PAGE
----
By Rebecca Rosen Lum
A stereo manufacturer sues a reviewer who pans the company’s speakers. A restaurateur mounts a legal challenge after a food critic describes the fare as inedible. A judge files a defamation suit after an article suggests he is being investigated for ethics violation.
Never mind that all these cases and many more like them went nowhere. It cost plenty to answer them.
While investigative reporters are frequently hit with court challenges, other specialties are vulnerable as well, says attorney Michelle Worrell Tilton of the Kansas City-based Media Risk Consultants. Entertainment writers are sometimes accused of copyright infringement. Food writers are frequently hit with suits, as are advice columnists –including automotive, real estate, and financial advice columnists.
That can be a chilling reality for freelancers who may not have the support of a news organization. Is a carefully worded contract protection enough? Or are they wise to obtain professional indemnity (or “media perils”) coverage?
“I think it is a good idea to have it,” says David Greene, senior staff attorney at the Electronic Frontier Foundation. “At a minimum, make sure you are covered by the publication, but it makes sense to fill in the gaps.”
In the case of an error or omission, California publications cannot be sued if they run an acknowledgement and apology in a prominent place. It’s important to bear in mind that the California Retraction Statute only covers newspapers and their Web sites. Personal blogs are not covered by this, so be extra careful if you’re writing on your own.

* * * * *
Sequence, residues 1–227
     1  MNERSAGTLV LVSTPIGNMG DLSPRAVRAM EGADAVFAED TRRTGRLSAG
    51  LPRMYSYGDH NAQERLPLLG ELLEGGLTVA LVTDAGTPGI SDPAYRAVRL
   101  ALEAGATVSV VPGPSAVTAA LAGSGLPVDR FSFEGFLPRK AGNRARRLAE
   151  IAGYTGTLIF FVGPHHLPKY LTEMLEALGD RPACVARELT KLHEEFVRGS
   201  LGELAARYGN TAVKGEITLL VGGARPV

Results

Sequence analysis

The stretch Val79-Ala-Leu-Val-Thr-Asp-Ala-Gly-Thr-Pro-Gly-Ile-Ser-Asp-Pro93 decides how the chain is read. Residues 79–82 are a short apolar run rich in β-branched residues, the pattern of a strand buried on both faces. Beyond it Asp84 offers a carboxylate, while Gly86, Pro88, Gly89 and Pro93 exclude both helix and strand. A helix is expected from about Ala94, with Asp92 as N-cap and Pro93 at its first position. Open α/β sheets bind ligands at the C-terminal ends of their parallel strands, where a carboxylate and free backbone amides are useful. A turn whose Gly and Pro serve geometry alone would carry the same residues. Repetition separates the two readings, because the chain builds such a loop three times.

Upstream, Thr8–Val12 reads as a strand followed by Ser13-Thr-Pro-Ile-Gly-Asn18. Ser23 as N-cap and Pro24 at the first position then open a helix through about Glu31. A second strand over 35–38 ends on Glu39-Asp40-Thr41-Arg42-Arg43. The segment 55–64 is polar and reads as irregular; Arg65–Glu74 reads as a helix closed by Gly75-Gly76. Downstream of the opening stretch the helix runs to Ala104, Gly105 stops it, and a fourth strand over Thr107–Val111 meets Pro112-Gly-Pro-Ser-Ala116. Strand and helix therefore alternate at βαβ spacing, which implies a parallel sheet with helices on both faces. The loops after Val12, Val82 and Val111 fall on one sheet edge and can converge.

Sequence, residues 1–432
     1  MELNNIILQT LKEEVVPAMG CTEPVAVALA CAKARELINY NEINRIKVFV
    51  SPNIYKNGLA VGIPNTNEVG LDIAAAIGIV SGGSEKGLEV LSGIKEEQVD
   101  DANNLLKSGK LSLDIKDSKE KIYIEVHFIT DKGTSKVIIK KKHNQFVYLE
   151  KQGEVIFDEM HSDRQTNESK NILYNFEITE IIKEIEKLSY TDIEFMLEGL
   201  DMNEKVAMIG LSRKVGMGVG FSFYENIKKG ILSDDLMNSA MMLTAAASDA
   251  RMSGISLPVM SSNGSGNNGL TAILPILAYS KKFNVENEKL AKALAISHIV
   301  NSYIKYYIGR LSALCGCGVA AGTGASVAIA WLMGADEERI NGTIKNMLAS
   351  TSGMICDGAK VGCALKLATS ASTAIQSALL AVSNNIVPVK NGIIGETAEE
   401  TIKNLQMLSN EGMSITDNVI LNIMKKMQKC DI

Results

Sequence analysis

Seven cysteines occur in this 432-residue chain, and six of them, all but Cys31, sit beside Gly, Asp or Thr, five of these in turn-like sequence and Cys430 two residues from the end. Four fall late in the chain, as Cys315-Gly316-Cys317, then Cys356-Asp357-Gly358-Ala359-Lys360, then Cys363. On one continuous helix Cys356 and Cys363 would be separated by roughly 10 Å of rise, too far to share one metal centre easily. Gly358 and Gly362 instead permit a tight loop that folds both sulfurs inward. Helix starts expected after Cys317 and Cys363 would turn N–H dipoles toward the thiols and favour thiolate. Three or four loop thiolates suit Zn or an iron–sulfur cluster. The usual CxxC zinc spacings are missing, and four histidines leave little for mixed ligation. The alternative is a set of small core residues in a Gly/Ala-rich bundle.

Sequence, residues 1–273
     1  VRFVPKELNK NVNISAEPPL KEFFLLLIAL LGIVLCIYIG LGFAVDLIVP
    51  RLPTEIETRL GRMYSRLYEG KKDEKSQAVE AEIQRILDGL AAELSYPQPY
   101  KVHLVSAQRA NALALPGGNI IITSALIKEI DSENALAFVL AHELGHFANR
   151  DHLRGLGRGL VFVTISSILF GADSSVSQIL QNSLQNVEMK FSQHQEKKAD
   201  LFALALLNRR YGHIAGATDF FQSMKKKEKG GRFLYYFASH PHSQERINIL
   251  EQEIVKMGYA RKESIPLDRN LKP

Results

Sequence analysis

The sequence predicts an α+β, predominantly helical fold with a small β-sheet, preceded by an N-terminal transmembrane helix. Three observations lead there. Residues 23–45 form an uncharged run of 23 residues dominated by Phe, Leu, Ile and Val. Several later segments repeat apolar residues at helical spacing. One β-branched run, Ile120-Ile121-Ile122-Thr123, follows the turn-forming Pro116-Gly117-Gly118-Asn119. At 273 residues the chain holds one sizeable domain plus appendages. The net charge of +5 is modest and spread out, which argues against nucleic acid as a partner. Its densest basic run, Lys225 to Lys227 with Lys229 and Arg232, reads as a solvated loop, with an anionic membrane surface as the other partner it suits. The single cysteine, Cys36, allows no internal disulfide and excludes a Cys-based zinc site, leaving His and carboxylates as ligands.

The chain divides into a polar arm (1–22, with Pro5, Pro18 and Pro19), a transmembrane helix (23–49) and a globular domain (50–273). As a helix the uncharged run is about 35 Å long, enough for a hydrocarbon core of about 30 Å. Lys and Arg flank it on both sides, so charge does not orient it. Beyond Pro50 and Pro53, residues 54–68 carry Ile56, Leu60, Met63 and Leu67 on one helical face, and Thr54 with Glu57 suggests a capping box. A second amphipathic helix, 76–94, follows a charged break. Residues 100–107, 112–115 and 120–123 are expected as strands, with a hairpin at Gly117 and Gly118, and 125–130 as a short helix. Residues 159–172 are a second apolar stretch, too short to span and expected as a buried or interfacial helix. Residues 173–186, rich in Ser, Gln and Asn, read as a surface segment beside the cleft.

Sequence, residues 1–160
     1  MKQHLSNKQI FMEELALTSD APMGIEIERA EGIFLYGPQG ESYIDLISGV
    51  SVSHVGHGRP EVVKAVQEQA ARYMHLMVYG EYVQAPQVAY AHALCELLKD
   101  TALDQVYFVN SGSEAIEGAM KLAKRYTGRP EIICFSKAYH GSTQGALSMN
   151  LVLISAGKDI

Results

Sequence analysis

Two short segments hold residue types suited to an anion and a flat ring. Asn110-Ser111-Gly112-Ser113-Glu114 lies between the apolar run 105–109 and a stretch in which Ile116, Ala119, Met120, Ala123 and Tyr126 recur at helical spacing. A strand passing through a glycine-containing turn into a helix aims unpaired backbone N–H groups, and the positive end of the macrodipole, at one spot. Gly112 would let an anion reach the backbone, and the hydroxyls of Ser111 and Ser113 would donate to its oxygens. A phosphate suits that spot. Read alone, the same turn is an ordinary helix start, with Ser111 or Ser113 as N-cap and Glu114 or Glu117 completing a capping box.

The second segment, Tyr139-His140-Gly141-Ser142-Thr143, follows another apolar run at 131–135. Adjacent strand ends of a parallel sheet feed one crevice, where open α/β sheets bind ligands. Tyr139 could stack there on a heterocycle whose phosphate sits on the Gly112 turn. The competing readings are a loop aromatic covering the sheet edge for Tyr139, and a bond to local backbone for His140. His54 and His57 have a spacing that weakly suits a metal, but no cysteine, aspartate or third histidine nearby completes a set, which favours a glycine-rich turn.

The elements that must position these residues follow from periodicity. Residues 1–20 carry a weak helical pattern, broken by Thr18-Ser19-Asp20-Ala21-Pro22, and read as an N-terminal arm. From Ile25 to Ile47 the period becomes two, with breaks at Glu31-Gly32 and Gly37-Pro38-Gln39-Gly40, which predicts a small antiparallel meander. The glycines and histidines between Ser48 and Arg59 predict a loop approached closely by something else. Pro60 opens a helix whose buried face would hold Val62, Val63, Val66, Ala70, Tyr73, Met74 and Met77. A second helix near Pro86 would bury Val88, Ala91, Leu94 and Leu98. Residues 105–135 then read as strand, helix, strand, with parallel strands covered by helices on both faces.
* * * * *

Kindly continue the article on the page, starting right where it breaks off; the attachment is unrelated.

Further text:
Media lawyers say freelancers should always work with a written agreement explicitly stating that the entity publishing the work will indemnify the writer in the event of a legal challenge. Naturally, the same agreement should also spell out the project’s scope, deadlines and payment,
“Most of the freelancers I’ve dealt with in my 30 years as a media lawyer get covered by the publisher,” said Judy Alexander, whose clients include the Center for Investigative Reporting. “The C.I.R. freelance contract says you’ll be named as an insured person under our media perils policy.”
Veteran independents also urge freelancers to communicate frequently with editors to head off surprised and mistakes.
Glenn Fleischman, editor and publisher of The Magazine and host of the podcast, “The New Disruptors,” takes on provocative topics, but has never been sued or threatened.
“I’ve picked my outlets fairly well and read contracts,” he says. “’Boing Boing,’ one of my regular outlets, and I consult about tricky issues, and they’ve proven themselves willing to sue or defend themselves as necessary for some stories.
But might not be lucky enough to work with a publication that’s so protective of its writers – so you should consider insurance.
Media perils coverage isn’t cheap. Guild Freelancers has collected quotes of $500 to $1,500 a year. But some organizations, including the Authors Guild and the National Newspaper Association, have become policyholders, making coverage available to their members. Guild Freelancers is currently exploring options to obtain coverage for our members.
Bear in mind that you can protect your personal assets by creating an LLC or corporation, creating a barrier from creditors in the event of a lawsuit. The common sole proprietorship offers no liability protection, notes freelance writer Dawn Witzke. Link: http://www.makealivingwriting.com/3-steps-freelance-writer-cover-your-ass/
“You can do everything right and still get sued,” Alexander says. “You have to have legal representation or you’d be a fool.”